Investigating Volume 1:

What does it mean to take up space?

Plan Investigating Volume 1

Children are keenly aware of the size of things, especially big, bulky things that get in their way or are too unwieldy for their small bodies to handle. But the concept of volume is probably new to them, and it can be difficult for them to separate it from other measures that also describe an object’s size (e.g., weight, height, length, area, and perimeter).

In this investigation students consider what it means to “take up space.” First they brainstorm about the three dimensions of space, and then they order a set of objects by the amount of space they take up. By the end of the investigation, students will be thinking about volume as a property of objects different from weight. They will also have the beginnings of a “volume line.”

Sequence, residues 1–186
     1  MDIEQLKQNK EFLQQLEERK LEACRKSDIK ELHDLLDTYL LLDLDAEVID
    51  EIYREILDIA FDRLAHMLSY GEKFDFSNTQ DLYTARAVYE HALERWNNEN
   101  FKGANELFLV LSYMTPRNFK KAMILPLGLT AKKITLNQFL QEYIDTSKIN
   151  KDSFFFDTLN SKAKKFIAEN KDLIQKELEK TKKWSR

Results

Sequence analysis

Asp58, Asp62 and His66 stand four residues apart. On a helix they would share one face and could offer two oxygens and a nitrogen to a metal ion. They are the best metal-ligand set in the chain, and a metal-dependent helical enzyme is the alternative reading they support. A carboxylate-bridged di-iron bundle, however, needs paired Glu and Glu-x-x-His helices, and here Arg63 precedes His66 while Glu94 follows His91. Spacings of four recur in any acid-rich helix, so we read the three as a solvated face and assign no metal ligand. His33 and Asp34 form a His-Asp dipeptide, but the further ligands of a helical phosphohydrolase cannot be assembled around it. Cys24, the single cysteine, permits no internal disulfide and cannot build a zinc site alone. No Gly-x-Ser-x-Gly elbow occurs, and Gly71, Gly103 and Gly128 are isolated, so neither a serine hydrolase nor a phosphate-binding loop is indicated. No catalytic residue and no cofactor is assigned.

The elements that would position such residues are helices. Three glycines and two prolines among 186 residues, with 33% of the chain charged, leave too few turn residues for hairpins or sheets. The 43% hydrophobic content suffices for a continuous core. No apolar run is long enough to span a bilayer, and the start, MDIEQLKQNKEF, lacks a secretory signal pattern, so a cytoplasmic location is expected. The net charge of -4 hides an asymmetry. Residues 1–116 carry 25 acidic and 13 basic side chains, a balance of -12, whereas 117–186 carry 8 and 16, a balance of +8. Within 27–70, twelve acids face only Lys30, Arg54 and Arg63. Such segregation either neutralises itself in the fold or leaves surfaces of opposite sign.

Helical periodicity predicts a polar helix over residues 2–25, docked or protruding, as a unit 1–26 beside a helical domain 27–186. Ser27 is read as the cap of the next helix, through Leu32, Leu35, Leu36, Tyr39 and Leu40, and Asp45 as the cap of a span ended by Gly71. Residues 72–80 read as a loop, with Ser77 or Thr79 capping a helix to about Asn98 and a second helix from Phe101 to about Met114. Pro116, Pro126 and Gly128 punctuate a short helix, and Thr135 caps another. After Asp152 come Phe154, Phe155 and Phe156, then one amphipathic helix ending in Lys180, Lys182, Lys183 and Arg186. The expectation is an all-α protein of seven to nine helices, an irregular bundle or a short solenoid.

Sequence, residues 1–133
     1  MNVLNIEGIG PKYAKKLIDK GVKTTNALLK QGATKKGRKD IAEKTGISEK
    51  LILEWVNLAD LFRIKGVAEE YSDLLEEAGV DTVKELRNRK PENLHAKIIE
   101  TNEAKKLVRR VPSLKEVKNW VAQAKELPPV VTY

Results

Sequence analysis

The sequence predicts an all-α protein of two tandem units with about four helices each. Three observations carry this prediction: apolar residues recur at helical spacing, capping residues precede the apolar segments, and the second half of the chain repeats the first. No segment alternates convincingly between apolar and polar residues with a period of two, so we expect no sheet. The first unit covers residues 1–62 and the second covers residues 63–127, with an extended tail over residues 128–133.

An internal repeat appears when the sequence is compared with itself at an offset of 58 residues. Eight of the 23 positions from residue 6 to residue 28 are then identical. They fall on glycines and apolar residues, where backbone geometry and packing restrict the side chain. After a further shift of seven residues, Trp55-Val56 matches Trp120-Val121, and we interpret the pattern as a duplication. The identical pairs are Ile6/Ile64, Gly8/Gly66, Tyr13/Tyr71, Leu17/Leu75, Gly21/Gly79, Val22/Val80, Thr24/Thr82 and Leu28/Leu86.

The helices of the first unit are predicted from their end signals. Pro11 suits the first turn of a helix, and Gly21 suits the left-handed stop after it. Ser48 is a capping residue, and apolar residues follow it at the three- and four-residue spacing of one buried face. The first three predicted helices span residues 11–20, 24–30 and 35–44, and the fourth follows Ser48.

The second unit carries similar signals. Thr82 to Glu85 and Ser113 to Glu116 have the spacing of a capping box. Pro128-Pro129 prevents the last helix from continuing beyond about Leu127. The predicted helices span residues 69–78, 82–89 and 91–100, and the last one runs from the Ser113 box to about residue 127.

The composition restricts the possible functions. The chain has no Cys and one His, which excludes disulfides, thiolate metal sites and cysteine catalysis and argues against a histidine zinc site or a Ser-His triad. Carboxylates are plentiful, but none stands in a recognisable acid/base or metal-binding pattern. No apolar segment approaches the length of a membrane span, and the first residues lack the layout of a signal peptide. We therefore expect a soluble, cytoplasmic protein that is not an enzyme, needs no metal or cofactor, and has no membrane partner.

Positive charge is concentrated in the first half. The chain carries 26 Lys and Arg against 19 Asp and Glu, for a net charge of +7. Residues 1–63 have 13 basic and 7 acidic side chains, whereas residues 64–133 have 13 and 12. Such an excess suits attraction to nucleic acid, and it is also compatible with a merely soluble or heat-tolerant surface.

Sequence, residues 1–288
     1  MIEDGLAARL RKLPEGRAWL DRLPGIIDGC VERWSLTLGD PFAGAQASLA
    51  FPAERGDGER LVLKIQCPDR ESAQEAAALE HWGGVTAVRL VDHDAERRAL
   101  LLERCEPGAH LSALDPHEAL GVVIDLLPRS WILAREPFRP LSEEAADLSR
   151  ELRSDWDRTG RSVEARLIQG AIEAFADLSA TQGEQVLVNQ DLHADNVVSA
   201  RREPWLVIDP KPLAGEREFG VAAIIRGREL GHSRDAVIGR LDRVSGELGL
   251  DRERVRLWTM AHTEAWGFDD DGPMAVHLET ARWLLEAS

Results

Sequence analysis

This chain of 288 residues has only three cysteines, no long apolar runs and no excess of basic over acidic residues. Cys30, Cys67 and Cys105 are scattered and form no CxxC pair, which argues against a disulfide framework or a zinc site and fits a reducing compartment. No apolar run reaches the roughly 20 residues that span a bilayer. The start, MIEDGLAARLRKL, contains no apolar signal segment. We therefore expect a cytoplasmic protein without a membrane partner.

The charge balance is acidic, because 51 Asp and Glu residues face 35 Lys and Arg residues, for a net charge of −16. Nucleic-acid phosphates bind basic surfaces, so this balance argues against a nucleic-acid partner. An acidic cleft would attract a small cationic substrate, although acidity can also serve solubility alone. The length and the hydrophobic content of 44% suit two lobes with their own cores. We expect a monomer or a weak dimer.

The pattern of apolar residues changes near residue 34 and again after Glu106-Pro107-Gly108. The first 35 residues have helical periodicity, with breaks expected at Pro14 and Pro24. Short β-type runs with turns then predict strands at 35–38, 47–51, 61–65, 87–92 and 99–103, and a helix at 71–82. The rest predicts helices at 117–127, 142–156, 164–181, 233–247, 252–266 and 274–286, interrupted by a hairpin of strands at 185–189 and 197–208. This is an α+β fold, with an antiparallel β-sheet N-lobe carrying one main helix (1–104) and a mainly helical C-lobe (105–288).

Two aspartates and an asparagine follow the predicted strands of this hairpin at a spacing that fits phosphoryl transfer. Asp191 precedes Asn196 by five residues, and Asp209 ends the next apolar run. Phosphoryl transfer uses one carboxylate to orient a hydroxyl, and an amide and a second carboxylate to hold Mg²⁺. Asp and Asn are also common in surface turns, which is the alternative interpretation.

Learning Goals

  • to consider what it means to “take up space”
  • to compare the amount of space that objects take up
  • to become familiar with the term “volume”
Sequence of experiences
1. Ask the question All Class 15 Mins
2. Order objects by how much space they take up Small Groups 15 Mins
3. Make meaning All Class 15 Mins

Materials and Preparation

For the class:
  • Post the investigation question in a place where all students can see it
  • 1 block of Styrofoam (approx. 10 cm x 10 cm x 20 cm)
  • 1 pillar candle #1 (approx. 8 cm diameter x 16 cm tall)
  • 1 small maple block (from 4 piece wood block set)
  • Several creations from the 10–10–10–10 Challenge, if available
For each group:
  • 1 small cube (cubic centimeter block)
  • 1 copper cube (from the set of materials cubes)
  • 1 pine cube (from the set of materials cubes)
  • 1 100–gram piece of plastic modeling clay

Notebook Pages